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Skip to 0 minutes and 11 secondsIn this video, I'll introduce you to the basic principles of pharmacology. So, before you see what drugs do in the body, it's important to have an appreciation of what the main targets are for drugs in the body. In this section, you'll find out what receptors are and the main ways in which drugs can affect receptors. You'll also see how drugs can effect enzymes, ion channels, and carrier proteins. Receptors are proteins. They are most commonly found on the surface of cells, but can be within a cell. These receptors respond to small molecules in the body. Many drugs can also interact with receptors to produce an effect.

Skip to 0 minutes and 58 secondsThe general principle of how a drug affects a receptor is that a certain portion of the drug molecule selectively combines or interacts with the receptor to produce and affect within the cell. The relationship of a drug to its receptor can be likened to that of the fit of a key in a lock. The drug represents the key and the receptor the lock. Since the receptor, or the lock, is made up of protein, it consists of hundreds of amino acids that interact with each other. Thus, the receptor can have different possible shapes, depending on how the amino acids in the protein are sitting next to each other, like how the levers are sitting inside a lock.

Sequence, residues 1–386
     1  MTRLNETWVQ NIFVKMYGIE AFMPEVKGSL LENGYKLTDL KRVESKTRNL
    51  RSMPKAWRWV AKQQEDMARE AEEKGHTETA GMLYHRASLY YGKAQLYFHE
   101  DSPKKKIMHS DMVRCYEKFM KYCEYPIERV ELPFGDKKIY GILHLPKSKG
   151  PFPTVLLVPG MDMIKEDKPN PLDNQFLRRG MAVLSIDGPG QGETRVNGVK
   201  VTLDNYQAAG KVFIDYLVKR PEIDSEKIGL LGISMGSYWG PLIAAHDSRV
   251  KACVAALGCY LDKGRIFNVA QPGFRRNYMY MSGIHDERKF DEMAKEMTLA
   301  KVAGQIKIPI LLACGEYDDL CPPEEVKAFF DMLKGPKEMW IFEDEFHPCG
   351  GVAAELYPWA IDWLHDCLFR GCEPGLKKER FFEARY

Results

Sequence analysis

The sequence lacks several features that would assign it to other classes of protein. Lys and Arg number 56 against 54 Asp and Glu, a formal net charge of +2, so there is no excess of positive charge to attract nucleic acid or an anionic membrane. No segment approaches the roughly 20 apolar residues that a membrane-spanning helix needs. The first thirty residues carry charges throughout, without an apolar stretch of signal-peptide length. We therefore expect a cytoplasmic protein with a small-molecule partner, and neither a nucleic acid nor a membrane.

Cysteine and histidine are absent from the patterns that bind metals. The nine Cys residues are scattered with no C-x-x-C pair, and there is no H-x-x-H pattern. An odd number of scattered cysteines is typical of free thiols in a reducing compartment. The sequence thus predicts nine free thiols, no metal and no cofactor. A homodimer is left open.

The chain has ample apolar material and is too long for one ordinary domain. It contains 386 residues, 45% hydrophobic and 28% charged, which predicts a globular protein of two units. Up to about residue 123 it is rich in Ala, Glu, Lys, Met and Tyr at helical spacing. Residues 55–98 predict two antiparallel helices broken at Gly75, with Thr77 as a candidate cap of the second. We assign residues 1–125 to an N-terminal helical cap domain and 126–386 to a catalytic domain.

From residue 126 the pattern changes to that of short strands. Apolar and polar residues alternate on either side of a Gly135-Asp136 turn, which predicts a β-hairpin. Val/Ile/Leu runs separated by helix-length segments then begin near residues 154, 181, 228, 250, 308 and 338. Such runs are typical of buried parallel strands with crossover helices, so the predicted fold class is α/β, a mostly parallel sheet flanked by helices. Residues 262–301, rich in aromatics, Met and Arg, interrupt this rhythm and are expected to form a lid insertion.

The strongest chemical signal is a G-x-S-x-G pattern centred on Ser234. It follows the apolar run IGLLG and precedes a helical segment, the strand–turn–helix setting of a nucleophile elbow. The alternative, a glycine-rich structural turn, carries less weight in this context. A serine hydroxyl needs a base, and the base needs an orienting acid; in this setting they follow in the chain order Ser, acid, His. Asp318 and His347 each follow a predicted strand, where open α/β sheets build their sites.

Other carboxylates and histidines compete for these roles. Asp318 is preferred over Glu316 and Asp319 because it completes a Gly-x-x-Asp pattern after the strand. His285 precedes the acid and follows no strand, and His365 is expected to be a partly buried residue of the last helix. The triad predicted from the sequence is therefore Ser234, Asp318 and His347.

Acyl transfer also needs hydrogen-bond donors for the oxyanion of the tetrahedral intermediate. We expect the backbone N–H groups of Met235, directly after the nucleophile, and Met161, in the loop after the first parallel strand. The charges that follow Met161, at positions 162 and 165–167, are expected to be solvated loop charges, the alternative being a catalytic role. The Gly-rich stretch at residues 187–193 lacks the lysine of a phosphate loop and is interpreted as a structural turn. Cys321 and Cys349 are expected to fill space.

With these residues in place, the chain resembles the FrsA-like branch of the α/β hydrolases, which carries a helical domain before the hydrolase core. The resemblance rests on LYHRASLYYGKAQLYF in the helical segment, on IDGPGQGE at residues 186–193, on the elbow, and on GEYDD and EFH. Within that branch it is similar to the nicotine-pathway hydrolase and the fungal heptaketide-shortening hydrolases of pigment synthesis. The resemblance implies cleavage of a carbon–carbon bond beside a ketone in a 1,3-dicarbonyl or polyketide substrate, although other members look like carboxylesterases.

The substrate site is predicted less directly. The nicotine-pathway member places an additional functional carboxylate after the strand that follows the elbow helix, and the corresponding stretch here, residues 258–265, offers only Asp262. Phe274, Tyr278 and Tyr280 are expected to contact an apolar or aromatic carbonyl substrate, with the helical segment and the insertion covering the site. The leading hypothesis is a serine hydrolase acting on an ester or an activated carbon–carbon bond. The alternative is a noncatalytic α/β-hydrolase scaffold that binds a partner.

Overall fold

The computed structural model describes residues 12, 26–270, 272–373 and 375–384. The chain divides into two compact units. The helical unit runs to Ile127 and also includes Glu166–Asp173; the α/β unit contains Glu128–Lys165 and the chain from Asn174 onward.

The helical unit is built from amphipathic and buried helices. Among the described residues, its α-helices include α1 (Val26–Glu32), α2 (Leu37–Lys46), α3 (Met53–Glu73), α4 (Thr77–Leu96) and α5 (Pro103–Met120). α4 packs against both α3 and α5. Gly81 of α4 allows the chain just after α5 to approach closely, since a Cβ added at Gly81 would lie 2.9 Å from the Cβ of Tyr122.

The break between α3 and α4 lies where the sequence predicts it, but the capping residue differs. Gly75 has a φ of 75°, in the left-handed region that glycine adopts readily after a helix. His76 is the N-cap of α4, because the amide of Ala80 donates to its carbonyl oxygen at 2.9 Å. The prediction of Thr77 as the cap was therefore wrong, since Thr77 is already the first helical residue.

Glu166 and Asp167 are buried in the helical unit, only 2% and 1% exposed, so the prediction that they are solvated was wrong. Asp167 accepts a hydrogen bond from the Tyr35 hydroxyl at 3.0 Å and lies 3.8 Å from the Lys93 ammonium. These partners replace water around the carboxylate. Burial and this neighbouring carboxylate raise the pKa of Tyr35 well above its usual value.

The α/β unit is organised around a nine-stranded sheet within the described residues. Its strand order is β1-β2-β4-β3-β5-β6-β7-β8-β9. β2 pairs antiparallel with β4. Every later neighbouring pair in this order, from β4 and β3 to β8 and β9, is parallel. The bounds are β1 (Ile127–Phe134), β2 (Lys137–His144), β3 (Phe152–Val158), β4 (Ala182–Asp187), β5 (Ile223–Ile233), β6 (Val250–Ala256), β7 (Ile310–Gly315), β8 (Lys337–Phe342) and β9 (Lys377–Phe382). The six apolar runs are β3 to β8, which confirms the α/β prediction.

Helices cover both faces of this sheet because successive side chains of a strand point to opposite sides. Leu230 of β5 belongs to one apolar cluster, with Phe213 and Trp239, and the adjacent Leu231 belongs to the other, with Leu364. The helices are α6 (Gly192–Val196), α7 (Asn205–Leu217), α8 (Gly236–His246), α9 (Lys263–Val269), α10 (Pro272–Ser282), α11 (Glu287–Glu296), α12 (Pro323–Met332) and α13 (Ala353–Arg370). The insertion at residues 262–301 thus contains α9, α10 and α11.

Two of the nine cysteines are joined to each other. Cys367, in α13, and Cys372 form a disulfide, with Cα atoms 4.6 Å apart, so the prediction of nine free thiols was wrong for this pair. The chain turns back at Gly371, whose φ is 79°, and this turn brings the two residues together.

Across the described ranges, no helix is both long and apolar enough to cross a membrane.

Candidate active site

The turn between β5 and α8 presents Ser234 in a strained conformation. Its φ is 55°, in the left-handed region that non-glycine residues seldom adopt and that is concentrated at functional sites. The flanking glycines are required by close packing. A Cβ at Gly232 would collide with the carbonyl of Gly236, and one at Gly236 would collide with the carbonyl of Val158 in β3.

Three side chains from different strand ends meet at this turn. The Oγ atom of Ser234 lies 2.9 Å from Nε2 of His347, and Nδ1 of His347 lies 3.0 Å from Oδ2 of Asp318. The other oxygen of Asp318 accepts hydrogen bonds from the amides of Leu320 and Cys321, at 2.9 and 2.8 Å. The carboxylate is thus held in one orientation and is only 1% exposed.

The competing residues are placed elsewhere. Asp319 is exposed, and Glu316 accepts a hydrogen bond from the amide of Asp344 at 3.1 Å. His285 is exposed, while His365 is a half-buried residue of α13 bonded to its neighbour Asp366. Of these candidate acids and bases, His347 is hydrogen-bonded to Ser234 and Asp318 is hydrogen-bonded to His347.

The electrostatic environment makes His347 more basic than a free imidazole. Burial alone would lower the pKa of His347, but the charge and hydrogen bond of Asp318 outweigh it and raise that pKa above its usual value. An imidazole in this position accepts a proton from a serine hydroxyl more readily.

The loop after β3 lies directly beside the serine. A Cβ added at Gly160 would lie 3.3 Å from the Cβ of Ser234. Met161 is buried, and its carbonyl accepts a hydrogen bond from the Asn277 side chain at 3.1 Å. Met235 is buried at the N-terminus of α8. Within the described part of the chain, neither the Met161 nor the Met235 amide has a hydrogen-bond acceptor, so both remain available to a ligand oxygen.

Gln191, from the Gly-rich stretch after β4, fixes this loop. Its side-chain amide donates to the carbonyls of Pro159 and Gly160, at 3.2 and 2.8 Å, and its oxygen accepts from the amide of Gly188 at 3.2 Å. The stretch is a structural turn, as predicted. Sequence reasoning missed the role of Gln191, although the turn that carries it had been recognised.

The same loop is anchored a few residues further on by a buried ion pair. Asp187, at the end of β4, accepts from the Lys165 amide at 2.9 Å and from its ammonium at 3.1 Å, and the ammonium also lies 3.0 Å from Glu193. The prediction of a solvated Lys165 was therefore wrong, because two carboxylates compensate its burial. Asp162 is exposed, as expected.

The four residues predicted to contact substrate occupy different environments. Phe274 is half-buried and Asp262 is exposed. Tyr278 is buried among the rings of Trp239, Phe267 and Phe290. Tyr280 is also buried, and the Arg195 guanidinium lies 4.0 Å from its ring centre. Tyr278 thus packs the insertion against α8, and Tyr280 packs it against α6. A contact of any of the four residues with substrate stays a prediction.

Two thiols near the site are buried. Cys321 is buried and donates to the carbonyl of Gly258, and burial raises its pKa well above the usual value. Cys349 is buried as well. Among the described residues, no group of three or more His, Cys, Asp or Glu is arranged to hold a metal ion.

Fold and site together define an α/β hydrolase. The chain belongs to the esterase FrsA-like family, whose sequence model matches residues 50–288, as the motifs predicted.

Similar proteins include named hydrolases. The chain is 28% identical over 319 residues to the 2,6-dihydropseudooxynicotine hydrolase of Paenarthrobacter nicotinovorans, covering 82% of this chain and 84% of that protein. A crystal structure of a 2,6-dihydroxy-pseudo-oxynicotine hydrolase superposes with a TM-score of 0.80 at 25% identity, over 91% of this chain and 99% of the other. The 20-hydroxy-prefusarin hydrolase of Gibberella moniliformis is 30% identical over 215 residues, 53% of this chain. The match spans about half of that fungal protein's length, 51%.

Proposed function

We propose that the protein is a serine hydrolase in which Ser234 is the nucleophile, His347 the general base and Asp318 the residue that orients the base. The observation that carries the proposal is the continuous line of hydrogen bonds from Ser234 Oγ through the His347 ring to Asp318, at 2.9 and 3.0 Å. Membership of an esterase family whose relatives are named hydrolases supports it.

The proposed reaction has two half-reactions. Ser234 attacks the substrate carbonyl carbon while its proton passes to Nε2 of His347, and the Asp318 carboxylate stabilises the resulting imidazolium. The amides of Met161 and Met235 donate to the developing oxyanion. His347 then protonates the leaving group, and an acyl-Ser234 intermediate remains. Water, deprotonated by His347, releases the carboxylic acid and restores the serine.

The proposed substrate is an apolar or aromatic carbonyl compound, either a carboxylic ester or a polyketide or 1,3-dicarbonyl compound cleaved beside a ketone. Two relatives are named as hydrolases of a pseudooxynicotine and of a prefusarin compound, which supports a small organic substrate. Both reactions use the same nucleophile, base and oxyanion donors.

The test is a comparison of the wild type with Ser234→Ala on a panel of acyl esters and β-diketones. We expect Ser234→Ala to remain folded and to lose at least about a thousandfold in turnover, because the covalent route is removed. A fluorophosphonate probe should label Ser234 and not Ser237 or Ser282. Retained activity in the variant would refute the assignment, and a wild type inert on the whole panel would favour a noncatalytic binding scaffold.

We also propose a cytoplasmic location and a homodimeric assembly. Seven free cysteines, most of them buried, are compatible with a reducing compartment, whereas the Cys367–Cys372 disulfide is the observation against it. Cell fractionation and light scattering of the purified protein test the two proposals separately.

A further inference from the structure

Skip to 1 minute and 53 secondsThese different shapes can then affect the response produced inside the cell.

Skip to 2 minutes and 5 secondsReceptors exist in the body so that small molecules can produce effects in cells. What are these small molecules? Neurotransmitters are chemicals that are released from neurons, or nerve cells, that are capable of generating electrical signals. Neurotransmitters then activate receptors that are normally present on other neurons. Receptors are also activated by hormones, which are chemicals that, instead of being released by neurons, like neurotransmitters, are released by cells and then travel in the blood and activate receptors in other parts of the body.